Ultrasound technique predicts hip dysplasia in infants

Ultrasound technique predicts hip dysplasia in infants

Ultrasound technique predicts hip dysplasia in infants

A technique that uses ultrasound images to determine the depth and shape of the hip socket can accurately predict which infants with hip dysplasia will develop normal hip structure and which remain dysplastic, according to a study in Radiology. Researchers said statistical shape modeling improves on existing techniques and could spare many infants from unnecessary treatment.

Developmental dysplasia of the hip occurs when the baby’s hip socket is too shallow to cover the head of the thigh bone. In severe cases, the thigh bone can become dislocated from the hip entirely. According to the International Hip Dysplasia Institute, 1 in 10 infants are born with hip instability, meaning the hips can be wiggled in the socket because of loose ligaments. After birth, most will tighten up naturally. One in 100 infants will need treatment for hip dysplasia.

There is no consensus on how and when to treat stable hip dysplasia (Graf type 2, as determined by the Graf classification system). It is estimated that about 80% of stable Graf 2 hips will develop to normal without treatment. But since there is currently no way to differentiate those that will develop to normal in the future compared to those that will not, a large percentage of stable cases are likely to be overtreated, according to study senior author Ralph J. B. Sakkers, M.D., Ph.D., from the Department of Orthopedic Surgery at the University Medical Center Utrecht in Utrecht, the Netherlands. Overtreatment has significant drawbacks.

“The most important negative consequences of overtreatment are the financial and logistical burdens for parents and society,” Dr. Sakkers said. “Medical consequences of overtreatment are relatively rare, but the risk is not zero. If there is a rare medical consequence this would probably be avascular necrosis of the hip due to non-proper use of the treatment device.”

Avascular necrosis is a disease that results from the temporary or permanent loss of blood supply to the bone.

The Graf classification system is commonly used to evaluate hip dysplasia, but it has limitations. Patients are classified into groups based on acetabular angle appearance on ultrasound images. This angle is derived from the depth and shape of the socket of the hip bone where the head of the femur fits. The Graf system is reported to have a high variability and low agreement in all reported hip dysplasia metrics, and the ultrasound image quality and anatomic appearance of the hip can be affected by probe positioning.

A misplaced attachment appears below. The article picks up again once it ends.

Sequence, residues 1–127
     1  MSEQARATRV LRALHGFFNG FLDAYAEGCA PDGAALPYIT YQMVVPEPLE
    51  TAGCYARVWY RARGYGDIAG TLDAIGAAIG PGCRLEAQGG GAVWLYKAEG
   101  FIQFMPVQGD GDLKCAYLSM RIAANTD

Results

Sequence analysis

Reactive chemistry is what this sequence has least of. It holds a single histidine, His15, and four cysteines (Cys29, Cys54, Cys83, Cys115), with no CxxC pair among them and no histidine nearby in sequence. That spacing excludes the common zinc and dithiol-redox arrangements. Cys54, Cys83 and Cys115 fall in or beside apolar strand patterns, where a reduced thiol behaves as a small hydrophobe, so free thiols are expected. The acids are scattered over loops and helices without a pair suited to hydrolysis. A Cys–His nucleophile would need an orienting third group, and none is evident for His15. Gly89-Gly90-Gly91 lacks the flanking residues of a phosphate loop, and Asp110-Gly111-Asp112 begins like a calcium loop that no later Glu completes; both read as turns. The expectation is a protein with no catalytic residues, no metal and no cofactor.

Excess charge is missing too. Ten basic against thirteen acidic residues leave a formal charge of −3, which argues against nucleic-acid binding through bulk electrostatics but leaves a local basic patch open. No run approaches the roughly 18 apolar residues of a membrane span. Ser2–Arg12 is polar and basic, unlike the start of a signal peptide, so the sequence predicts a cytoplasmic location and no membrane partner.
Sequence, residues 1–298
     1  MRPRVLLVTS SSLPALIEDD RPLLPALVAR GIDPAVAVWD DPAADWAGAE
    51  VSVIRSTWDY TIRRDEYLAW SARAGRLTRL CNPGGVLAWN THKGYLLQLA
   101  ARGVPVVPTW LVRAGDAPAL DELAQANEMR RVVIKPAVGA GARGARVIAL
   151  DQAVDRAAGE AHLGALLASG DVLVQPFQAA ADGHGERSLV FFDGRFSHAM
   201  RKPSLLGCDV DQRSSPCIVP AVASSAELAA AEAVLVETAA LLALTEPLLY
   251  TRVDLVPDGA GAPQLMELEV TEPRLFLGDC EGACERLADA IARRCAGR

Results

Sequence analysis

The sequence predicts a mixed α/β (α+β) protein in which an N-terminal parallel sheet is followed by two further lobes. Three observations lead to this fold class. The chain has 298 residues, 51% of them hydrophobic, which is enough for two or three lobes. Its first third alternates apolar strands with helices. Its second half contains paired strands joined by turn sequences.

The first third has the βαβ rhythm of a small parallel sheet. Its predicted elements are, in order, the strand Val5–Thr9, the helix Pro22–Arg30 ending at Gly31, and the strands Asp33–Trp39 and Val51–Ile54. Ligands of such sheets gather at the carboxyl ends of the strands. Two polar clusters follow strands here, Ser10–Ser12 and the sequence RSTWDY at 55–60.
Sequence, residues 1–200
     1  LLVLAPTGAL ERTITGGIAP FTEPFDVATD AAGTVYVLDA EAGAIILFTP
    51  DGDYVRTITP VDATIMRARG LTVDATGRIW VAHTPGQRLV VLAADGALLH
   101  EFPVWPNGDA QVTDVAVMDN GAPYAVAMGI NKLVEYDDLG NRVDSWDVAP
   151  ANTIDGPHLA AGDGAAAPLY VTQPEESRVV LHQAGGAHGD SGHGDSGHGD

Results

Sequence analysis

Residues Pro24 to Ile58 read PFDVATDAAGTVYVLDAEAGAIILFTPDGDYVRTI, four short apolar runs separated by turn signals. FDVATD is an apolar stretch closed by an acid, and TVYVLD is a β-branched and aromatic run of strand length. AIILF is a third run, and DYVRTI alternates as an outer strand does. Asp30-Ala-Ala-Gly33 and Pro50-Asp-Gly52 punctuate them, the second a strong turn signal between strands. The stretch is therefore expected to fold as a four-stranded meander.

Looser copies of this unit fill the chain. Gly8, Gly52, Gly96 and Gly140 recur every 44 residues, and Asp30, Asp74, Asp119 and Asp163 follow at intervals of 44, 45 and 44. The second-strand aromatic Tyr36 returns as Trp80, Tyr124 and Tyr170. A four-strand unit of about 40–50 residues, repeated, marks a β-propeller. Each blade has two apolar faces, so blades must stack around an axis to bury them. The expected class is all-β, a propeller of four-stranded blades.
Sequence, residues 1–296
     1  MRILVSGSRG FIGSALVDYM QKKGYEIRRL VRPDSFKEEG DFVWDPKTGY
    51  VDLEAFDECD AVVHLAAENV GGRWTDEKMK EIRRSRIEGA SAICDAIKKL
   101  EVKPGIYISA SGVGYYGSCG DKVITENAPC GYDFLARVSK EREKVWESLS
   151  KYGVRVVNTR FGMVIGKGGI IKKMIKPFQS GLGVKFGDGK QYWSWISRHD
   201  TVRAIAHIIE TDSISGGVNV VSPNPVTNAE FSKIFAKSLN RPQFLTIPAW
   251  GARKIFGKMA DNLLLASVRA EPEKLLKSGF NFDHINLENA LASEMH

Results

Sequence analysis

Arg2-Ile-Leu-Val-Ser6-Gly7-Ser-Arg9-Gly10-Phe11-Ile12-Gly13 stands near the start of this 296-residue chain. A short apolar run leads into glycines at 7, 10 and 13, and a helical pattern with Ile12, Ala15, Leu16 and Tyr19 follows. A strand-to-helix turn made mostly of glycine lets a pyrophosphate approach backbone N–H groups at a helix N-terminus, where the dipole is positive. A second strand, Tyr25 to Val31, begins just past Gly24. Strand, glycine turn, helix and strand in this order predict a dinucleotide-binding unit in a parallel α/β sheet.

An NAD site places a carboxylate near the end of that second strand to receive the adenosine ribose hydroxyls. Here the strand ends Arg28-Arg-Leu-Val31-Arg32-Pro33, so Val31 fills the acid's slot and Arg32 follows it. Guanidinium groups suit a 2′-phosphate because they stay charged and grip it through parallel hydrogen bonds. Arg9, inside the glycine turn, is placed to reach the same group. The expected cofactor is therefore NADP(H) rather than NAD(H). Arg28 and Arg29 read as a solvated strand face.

Statistical shape modeling with ultrasound is an alternative method that quantifies the shape of the image of the hip with multiple reference points that each have an X and an Y coordinate in the 2D ultrasound image. It offers potential advantages over existing predictive models.

“By quantifying the shape of the image of the hip with statistical shape modeling, significantly more data are extracted from the ultrasound images as compared to the current methods used,” Dr. Sakkers said.

For the study, Dr. Sakkers and colleagues analyzed the predictive power of the technique in 97 infants with stable developmental dysplasia of the hip.

They developed statistical shape modeling on baseline ultrasound images and then correlated the model with persistent hip dysplasia on ultrasound after 12 weeks follow-up and residual hip dysplasia on pelvic X-rays around the age of one year.

The results showed that statistical shape modeling accurately predicted which hips developed to normal or remained dysplastic. It also identified hips that benefitted from treatment with the Pavlik harness, a soft splint that encourages normal development of the hip socket.

Although more research is needed to validate the proof of concept, the study findings support a future role for statistical shape modeling in the clinic.

“The method could be automated after validation, similarly to the current automated determination of the skeletal age on X-rays of the hand,” Dr. Sakkers said.

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